Clobbers is a jammer. She wears a black helmet cover with a red star, and it is her job to break through the other team’s blockers to score points. After she dodges, sidesteps, or simply barrels through the group, she skates the length of the track and enters the fray again, earning a point for each member of the opposite team she passes.

As a blocker, Barner, a third-year derby player, uses her body to stop the opposing jammer but also to get Clobbers, her teammate, through the other pack. Play proceeds in two-minute sessions called jams. When a jam ends, five fresh players come on.

A history of rule changes has altered the game play to its current form, an evolution apparent to veteran players like Clobbers. Since the formation of the skater-led Women’s Flat Track Derby Association in 2004, speed of play, training strategy, and penalty rules have been altered, shaping the current game dynamics. The number of skaters has also skyrocketed. WFTDA currently lists 422 domestic and international leagues, 339 of which have teams that meet WFTDA requirements to compete for rankings. In March, the Rollergirls jumped from 123 to 107 in the WFTDA rankings.

Renee McHugh, a tall referee with a shock of purple-blue hair that matches her name, Elektra Q Tion, joined the team nine years ago. Like Clobbers, she saw changes come and go in WFTDA and in her own team. Though she continues to be involved with the Rollergirls, the forty-eight-year-old quit skating two years ago. The team is different—younger, less intense—and she no longer feels she belongs the way she used to.

In the game against Greensboro, the leadership, drive, and experience of skaters like Clobbers shapes the play, but the explosive energy of younger players learning to be a team shines through. After the whistle, Greensboro initially leads the charge. Their jammer breaks free of the Rollergirls for the first, second, and third jams. But in the fourth jam, Clobbers, keeping her body low and using her shoulders to drive through the pack, blasts past the Greensboro players and picks up three points.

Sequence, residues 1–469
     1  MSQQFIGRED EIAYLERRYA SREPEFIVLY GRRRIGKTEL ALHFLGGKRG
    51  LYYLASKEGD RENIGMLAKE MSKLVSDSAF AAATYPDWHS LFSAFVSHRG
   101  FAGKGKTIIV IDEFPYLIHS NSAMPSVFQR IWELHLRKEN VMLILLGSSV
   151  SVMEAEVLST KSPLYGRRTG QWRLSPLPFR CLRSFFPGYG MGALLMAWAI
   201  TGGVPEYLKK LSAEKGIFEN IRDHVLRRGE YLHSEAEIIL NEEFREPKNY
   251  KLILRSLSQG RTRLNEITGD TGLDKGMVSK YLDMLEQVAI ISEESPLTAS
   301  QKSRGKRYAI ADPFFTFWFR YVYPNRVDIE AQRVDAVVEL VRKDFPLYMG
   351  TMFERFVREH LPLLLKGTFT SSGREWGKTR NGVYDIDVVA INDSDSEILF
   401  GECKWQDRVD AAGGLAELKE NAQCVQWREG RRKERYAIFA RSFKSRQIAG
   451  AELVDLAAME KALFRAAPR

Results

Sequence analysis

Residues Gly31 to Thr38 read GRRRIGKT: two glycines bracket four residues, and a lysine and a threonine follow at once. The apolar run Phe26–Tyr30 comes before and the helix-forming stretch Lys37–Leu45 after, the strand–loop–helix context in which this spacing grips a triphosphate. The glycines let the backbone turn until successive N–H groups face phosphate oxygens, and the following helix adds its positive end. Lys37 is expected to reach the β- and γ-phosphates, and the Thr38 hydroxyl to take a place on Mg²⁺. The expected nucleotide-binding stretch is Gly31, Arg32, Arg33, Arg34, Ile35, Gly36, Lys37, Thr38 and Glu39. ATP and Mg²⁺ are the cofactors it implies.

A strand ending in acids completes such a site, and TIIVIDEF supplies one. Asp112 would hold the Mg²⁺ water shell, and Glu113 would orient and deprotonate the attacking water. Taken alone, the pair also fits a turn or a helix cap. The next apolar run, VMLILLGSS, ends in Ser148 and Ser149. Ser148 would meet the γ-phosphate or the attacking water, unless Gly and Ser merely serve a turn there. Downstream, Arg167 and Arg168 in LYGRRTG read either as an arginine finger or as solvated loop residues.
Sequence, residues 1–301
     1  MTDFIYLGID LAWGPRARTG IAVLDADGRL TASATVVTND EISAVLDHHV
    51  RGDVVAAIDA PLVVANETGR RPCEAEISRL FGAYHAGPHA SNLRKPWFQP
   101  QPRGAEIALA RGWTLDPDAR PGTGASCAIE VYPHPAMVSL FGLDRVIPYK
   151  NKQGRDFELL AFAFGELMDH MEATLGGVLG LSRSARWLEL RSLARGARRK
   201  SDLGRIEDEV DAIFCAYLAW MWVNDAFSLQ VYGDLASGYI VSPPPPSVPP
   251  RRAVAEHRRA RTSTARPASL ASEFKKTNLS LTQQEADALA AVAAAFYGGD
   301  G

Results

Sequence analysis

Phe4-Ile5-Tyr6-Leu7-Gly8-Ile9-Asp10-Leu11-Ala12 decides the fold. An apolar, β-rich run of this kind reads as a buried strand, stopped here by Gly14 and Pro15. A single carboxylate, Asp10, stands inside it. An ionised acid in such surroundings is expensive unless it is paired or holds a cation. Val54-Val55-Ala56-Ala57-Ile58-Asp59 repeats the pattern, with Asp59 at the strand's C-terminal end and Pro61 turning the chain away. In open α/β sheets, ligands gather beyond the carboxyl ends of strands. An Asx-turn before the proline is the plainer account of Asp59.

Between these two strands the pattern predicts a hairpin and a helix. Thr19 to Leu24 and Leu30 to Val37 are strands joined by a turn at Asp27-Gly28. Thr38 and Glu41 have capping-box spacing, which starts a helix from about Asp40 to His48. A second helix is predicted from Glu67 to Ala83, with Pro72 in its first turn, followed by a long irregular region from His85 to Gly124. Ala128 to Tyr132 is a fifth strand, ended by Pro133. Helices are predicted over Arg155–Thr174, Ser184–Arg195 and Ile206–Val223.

She sets the tone for the rest of the game. Mayhem West, a tall, blonde jammer with a strong build and short shorts who joined the team in 2017, becomes the crowd favorite by racking up points, scoring up to fourteen in every jam she skates in.

The blockers thrust hips and butts into oncoming jammers, their skates honking as they brake in Greensboro’s path. At times, it looks like a mess of bodies and confusion, inevitable when a game starts in a ten-foot space. But the beauty of derby comes through in the moments of clarity when a jammer emerges from the crush, tucks her body, and sets off, skates gliding over the smooth floor, the crowd breathing with her until she crashes back into the smash of bodies.

These relatively tranquil moments are a quick respite between the excitement of the rest of the game, as hard hits and take-outs keep the fans gasping and cheering. In the second bout, Barner hip-checks a fellow jammer as they speed around the track and sends her sliding into the "suicide seating." It doesn’t bother the fans—in fact, getting close to the players is one of the reasons they come to bouts.

This Saturday, April 14, the Rollergirls return to Dorton Arena, their home track from 2006 to 2016. The Bootleggers will take on the Ring City Rollergirls from Kinston, North Carolina, at seven, after the All Stars play the Rouge Rollergirls of Fayetteville at five. Announcer Rippi Longstocking will commentate during the game. The forty-six-year-old English professor says she got involved with derby because of the incredible power, intelligence, and determination of the players.